So it takes A LOT for me not to get overly invested in an animal movie. To this day, I can't watch The Fox and the Hound. But I'll hand it to Umberto D for taking the pathos out of a pound scene. The movie ended up being less transparently political than I expected, and, actually, I think it was the worse for it. I didn't get a sense of what social circumstances led to the pension crisis the first scene alludes to, how "the war" plays into it, or what the economic picture as a whole was for anyone other than Umberto D (which would be a good name for a rapper). If you're going to make a political statement, doesn't it make sense to at least show how we got to the bad place so we can, I don't know, fix it or avoid it or something? Even Upton Sinclair does that.
So once I decided I couldn't be less interested in the eponymous character, I had to do something else for the next 85 minutes. Rather than play the game of what celebrities the Italian extras resembled, (that one looks like Joel Grey! And bald Salman Rushdie!) I decided to pay attention to the secondary characters that the movie either outright disliked or marginalized and (feminista alert here) they were both women! I have to admit that I feel a bit bad for the landlady/madam. She's got to make money too in a presumably tough economic climate, and Umby mentions that she was practically starving during the war. She's marrying a dude for free movie tickets for God's sake, and he's not paying his rent. Let's cut her some slack.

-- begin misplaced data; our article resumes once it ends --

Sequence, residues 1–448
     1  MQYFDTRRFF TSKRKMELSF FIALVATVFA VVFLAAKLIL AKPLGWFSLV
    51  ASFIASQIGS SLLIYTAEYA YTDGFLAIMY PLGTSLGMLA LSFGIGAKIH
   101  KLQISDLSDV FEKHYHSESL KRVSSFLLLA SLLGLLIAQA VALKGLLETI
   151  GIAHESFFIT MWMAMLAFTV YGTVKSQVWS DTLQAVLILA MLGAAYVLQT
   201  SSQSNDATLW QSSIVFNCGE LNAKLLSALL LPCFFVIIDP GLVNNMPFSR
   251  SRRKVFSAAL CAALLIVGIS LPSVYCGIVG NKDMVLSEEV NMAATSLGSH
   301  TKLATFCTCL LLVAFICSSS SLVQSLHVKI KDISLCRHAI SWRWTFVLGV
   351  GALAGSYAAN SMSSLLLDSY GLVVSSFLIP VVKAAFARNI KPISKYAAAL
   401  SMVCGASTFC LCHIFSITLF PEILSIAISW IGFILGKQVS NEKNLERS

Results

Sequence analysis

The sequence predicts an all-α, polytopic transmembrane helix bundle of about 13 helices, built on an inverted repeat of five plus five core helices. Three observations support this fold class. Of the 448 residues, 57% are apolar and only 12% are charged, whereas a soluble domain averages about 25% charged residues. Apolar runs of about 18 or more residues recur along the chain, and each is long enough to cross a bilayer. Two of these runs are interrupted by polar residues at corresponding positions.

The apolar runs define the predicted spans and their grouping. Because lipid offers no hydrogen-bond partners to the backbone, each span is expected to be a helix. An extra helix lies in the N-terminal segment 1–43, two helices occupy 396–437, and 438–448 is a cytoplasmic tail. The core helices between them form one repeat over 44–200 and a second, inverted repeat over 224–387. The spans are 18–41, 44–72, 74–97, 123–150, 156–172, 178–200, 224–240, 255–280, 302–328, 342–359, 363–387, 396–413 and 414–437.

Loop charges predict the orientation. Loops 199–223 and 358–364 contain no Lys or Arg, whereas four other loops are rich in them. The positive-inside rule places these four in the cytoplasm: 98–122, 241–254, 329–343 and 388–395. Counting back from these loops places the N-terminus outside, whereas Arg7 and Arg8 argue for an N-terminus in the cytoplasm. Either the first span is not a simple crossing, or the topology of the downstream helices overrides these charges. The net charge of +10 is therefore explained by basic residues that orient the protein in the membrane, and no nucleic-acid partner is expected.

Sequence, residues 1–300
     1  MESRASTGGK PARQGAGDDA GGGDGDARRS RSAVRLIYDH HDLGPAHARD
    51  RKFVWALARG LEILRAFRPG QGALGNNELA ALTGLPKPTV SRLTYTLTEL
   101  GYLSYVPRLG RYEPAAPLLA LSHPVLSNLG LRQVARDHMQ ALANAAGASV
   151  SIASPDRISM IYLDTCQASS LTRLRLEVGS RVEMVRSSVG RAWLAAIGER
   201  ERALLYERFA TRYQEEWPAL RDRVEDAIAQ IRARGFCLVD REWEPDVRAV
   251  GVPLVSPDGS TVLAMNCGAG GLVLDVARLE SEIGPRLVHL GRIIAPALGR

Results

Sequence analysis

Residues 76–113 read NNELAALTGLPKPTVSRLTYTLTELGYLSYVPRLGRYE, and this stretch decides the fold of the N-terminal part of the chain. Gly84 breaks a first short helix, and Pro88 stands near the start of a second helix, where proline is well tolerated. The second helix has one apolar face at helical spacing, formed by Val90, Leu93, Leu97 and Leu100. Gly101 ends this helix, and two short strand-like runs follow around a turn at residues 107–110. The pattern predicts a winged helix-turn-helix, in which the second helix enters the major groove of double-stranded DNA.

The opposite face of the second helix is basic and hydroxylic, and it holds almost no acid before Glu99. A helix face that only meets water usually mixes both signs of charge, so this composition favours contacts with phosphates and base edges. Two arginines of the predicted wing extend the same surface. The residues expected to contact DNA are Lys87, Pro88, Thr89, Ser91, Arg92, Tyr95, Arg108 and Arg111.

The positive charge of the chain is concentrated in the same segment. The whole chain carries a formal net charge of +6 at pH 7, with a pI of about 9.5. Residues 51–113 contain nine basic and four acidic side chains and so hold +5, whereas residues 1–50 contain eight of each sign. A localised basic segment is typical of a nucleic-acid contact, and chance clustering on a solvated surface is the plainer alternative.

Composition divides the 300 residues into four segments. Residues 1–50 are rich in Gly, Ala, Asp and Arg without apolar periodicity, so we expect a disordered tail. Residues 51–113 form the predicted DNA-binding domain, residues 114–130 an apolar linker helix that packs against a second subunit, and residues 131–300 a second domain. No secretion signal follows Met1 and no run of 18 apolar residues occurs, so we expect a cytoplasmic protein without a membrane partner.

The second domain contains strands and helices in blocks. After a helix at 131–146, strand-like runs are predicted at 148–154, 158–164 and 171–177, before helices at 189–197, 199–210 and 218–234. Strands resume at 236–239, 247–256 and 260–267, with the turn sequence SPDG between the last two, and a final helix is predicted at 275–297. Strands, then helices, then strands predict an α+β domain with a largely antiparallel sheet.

And Maria (of course) the pregnant maid. Can we just write past the ending and imagine what her life is going to look like when she starts to show? The silent crying in the kitchen was nice, but why make her promiscuous? Can no one else be sympathetic in this film?